How to Manage your Fantasy Baseball Team in Season


Most of the advice you have read from Nash, Clave, and myself has been fantasy baseball draft advice.

Now, the attention shifts to how to run your team, as nearly all drafts are completed by now. Let’s take some time to go over some things that you should and should not do in managing your fantasy baseball team during the season.

Do: Keep it going all the way through
Right now, you don’t even want to think about not contending in your league. I know how it goes. But the fact of the matter is that a lot of the time, the team just won’t do it for you and the summer months will make it clear that you’re just not in contention.

Still, you owe it to your league to tough it out to season’s end, regardless of format. In a head to head fantasy baseball league, winning or losing a category could decide a playoff spot. In a roto league, something as simple as leaving a starting pitcher on the bench could make the difference between who wins and loses the league. You owe it to your league mates to be consistent and stick it out to the end.

Obviously, things are going to happen. People go on vacation, get bogged down at work, and we all have family responsibilities. Still, that’s not the same as being a willing deadbeat, which is a big no-no.

Don’t: Build your team too strongly on one actual team
I don’t care if you’re talking about the best team in the history of the game; every team is going to go through a period of time where at least one part of their game isn’t working. This can make your team drag through critical times.

Keep it mixed up a little bit, which is especially needed in weekly formats. If you have four or five players from a team and they lost a game 9-0, it’s virtually impossible that any of them had good days. Don’t let one bad game or week mess things up for your fantasy baseball team.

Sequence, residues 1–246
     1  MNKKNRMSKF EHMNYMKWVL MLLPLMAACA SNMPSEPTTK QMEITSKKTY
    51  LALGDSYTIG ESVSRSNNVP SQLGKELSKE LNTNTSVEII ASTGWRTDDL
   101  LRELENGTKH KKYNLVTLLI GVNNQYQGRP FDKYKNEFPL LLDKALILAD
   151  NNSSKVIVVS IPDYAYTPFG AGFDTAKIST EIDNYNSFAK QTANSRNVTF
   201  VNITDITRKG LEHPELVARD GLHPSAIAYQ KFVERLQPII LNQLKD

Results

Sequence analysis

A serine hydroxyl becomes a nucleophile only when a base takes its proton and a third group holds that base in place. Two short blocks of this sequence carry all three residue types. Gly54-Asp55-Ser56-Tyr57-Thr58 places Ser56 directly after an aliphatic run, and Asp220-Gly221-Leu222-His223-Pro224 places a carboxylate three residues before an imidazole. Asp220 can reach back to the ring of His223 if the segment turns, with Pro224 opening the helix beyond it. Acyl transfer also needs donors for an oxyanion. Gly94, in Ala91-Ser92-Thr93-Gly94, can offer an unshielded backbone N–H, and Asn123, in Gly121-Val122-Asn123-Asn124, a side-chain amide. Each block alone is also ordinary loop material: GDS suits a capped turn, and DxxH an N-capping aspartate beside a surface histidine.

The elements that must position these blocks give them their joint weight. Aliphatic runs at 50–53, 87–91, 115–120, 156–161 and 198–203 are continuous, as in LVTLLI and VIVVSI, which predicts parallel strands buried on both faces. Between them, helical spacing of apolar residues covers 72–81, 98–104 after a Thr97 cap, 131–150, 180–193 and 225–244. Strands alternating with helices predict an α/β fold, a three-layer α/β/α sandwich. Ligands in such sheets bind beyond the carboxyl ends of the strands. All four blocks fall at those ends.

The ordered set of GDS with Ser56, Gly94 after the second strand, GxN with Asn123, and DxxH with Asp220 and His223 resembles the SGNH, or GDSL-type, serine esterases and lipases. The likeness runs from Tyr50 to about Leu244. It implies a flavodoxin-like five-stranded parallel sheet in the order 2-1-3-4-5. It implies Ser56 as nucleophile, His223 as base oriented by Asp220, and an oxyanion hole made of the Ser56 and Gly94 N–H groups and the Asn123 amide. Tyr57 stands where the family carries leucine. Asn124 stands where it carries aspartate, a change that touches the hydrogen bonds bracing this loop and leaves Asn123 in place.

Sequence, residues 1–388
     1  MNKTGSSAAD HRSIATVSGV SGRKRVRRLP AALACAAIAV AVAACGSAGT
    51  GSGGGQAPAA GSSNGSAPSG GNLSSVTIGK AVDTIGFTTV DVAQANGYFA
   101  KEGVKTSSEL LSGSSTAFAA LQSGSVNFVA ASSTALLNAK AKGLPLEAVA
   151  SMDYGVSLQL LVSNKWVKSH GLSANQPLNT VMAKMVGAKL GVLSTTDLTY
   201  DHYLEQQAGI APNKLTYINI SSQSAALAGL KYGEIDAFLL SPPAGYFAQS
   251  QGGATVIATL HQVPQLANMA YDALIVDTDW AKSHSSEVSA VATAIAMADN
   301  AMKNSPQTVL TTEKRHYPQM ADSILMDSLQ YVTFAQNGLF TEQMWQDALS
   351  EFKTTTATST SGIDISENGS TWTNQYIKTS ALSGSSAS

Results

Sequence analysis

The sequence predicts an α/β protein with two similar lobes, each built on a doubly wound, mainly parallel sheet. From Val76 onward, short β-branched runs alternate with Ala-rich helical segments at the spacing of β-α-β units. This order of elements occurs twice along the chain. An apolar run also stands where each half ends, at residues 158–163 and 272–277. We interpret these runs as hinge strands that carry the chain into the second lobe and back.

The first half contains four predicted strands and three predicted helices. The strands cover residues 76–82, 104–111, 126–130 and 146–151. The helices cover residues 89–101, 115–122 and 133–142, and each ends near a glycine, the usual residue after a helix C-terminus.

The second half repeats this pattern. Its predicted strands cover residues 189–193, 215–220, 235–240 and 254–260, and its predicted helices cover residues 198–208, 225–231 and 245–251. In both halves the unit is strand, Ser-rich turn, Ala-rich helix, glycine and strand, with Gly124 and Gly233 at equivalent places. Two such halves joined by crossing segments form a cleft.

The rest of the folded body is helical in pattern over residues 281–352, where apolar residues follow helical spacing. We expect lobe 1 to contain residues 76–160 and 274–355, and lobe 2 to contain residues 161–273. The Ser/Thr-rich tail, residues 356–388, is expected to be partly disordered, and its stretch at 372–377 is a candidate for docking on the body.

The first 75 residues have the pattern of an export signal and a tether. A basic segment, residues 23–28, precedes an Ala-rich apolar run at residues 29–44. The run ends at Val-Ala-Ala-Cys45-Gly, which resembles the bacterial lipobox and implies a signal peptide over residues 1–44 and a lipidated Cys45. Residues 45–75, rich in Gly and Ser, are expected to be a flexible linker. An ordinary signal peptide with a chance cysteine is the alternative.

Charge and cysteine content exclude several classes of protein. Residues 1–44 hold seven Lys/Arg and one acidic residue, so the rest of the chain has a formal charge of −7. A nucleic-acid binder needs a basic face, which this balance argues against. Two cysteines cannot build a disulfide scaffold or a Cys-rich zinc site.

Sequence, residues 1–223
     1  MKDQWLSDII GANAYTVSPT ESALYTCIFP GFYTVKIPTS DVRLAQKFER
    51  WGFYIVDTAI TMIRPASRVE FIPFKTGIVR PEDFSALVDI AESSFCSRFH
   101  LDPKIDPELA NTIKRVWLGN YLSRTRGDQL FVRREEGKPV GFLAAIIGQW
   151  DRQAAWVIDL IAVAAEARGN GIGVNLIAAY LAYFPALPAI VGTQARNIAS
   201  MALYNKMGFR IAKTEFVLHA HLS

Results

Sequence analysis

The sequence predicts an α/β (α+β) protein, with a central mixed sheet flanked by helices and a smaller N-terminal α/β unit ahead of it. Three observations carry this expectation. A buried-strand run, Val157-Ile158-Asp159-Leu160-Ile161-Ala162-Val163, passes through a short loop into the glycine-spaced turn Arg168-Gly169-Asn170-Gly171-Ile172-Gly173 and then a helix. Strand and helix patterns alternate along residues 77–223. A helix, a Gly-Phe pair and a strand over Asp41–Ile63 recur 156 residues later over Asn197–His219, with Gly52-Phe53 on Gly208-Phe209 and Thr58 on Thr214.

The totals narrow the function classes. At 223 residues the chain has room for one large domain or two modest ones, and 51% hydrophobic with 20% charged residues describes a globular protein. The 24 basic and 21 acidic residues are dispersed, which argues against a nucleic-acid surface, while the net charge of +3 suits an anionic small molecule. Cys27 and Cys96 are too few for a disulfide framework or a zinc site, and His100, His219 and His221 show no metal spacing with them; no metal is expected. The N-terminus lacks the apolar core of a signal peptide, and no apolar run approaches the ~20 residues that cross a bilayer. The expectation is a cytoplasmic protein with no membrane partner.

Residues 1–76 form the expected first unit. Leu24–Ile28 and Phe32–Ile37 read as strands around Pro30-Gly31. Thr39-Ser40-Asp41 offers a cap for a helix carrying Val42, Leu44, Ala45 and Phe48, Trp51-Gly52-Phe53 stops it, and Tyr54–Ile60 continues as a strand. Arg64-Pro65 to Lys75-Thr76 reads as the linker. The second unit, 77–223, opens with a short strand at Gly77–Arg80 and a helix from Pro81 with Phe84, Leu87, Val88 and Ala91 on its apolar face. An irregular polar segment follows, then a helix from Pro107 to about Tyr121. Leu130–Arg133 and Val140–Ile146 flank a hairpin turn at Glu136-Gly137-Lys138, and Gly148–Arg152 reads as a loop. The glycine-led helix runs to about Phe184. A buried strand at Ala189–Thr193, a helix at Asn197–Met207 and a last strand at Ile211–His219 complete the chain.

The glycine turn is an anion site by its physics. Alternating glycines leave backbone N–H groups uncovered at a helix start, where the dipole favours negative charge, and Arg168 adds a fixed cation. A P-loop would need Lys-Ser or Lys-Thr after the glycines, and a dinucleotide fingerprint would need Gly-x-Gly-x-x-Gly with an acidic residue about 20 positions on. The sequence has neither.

Do: Know who you’re competing with
You are going to hear this a lot from Clave, Nash, and myself. Let people make you an offer that you can’t refuse for a player that’s someone’s favorite.

Obviously, there are fans of teams out there. If you have a player on your team who’s popular with his fan base but not very effective, don’t drop him just yet. Make an offer for him involving a fan of that team. The worst that person is going to do is say no.

Also, know what players your fellow fantasy owners like and don’t like. People will overpay for players that they like. Conversely, if they get stuck with a player they don’t like, they may give him up for cheaper than what you think the market would dictate.

Don’t: Make this a morality play
I can’t tell you how many times I heard people make a big presentation about not drafting Ryan Braun on their fantasy teams because of the Performance Enhancing Drugs issues he had in the offseason.

First of all, I need to say that his suspension was overturned. But just for fun, let’s say that you think he’s guilty and still juiced. Would you rather have the 35 homers, 110 RBI, and .325 batting average on someone else’s team?

I see this a lot with people who don’t like specific teams, notably the Yankees and Red Sox. Now, I get it if you don’t want to have Houston Astros on your fantasy team, they’re terrible. But if you’re not going to have Red Sox or Yankees, well, watch the All Star Game in July and see what you’re missing.

If you won’t take Robinson Cano or Adrian Gonzalez, the guy after you will and you’ll be burned all season long.

This is fantasy baseball. You are looking at numbers, not people, not teams, and not legal concerns. If you know of a way to look at numbers without seeing who they belong to, take it.

It’s okay to not want players that you don’t like to do well. Just realize that they probably will, especially in the aforementioned cases. Don’t join a fantasy league, which is all about numbers, and get bogged down with emotions. It’s easier said than done, but failure will result in a bad season.

Tags: Fantasy Baseball League Fantasy Baseball Team How To Manage Your Team Managing Robinson Cano Ryan Braun